I been telling folks on the local level I know that voted Obama about this poll nonsense,they seem to have this shit eating grin on their face that Obama has a cake walk...this is not the case.I voted Obama already..first in line..but I knew a few that just think it doesnt matter,because of the talk/poll's..thats why as I said earlier to you,I dont place much faith in polls besides to entertain me.I wonder if there could be a "reverse" Bradley effect? In other words..those who never would admit that they would vote Obama,but in the privacy of the booth when no one is looking...heh,heh,heh...they do. :) As far as Ahmadinejad (dont ever ask me to try to pronounce that damn name!)..I would like Obama to deal with him...and McCain to deal with Putin. I know some of your readers might not like this,but I actually admire Mr.Putin..I'll not elaborate.As far as Ahmadinejad..I think he will talk...he's just playing hard ball,he's civilized,he wears suits,not sheets.. :) Someone needs to buy that boy a tie though. I suggest Obama when meeting him...brings him a couple of his! :) Good to see you back on the front guy!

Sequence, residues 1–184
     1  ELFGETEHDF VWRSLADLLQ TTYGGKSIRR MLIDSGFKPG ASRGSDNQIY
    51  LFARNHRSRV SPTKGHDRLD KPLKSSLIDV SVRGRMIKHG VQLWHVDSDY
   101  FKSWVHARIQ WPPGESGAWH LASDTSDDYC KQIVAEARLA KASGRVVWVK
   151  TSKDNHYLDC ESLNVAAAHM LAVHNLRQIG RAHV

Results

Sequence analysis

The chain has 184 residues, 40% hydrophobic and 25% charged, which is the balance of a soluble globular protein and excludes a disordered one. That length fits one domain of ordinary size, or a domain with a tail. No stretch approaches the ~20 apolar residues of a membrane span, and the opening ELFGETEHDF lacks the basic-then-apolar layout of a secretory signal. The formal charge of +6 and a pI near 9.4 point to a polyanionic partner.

27 October, 2008 05:46  
Blogger Christy said...

I agree about number 2 (Bradley effect?) and also think that gas prices might cheer people (as people as "what have you done for/to me lately" types, at the end of the day) to vote for McCain.

I'm not pro-McCain, but I can still see how it might happen.....

You sound like your old self.

Good.

(Oh, one BAD thing is the Sarah Palin effect. For whatever reasons, some unfair ones, I'm sure, she's a drag on the ticket. But still, I don't think she'll take away any moderate GOP)

27 October, 2008 10:56  
Blogger Infidel753 said...

Palin's effect is debatable -- she did fire up the "base". But, yes, she's been the target of a largely-successful MSM hatchet job to portray her as a ditz and a fanatic. Luckily, history seems to show that running mates don't have much impact. If Quayle couldn't sink Bush I.....

27 October, 2008 11:55